North Sea operators set to trial advanced inspection UAVs
Air Control Entech and the Oil & Gas Technology Centre have launched three unmanned aerial vehicles, designed to cut the costs of offshore oil and gas inspection by up to 50%.
ABERDEEN, UK – Air Control Entech (ACE) and the Oil & Gas Technology Centre have launched three unmanned aerial vehicles (UAVs), designed to cut the costs of offshore oil and gas inspection by up to 50%.
Most UAVs offshore are typically used for visual inspection. ACE’s focus with the new systems has been on faster and more accurate inspection.
The three main features are:
- Provides a real-time, high-definition video stream and data transfer from offshore inspections to onshore teams, allowing the size of offshore inspection teams to reduce, leading to more efficient reporting, the Centre claims.
- Ultrasonic testing: using electromagnets to lock onto a structure, the UAV is said to employ less power, leading to longer flight times and repeat readings at a single location. Cameras accurately position the vehicle and a data management system provides clients with instant access to results.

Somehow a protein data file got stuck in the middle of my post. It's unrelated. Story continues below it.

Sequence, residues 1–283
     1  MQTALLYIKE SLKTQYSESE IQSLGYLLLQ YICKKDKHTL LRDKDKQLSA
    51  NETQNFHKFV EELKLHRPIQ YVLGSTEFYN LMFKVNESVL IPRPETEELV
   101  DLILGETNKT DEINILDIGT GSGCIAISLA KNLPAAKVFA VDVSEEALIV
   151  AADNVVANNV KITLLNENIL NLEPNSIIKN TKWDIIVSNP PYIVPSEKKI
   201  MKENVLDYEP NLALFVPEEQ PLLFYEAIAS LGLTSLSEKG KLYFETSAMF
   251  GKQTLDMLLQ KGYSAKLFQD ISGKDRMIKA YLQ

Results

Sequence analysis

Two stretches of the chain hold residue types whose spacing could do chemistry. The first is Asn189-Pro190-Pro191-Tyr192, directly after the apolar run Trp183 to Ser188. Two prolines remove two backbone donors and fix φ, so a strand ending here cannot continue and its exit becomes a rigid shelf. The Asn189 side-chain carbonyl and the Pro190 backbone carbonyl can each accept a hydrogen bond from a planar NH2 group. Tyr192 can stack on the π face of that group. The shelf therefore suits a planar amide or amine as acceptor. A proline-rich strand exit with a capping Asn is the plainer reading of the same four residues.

- 3D laser scanning: scanning of offshore structures to within 2-mm accuracy. This, according to the Centre, improves the accuracy of re-engineering projects by obtaining point cloud data from inaccessible locations.
ACE is working on technology trials with various major operators for deployments on North Sea facilities. Results will be used to further improve the vehicle’s functionality and capability.
Under the next planned development phase, a UAV will be engineered for use in confined spaces, along with R&D into flight control systems and improved flight performance through battery technology.
Rebecca Allison, Asset Integrity Solution Centre Manager, said: “Our goal is to eliminate the impact of asset integrity on operational uptime by 2026 and developing advanced UAVs is vital.”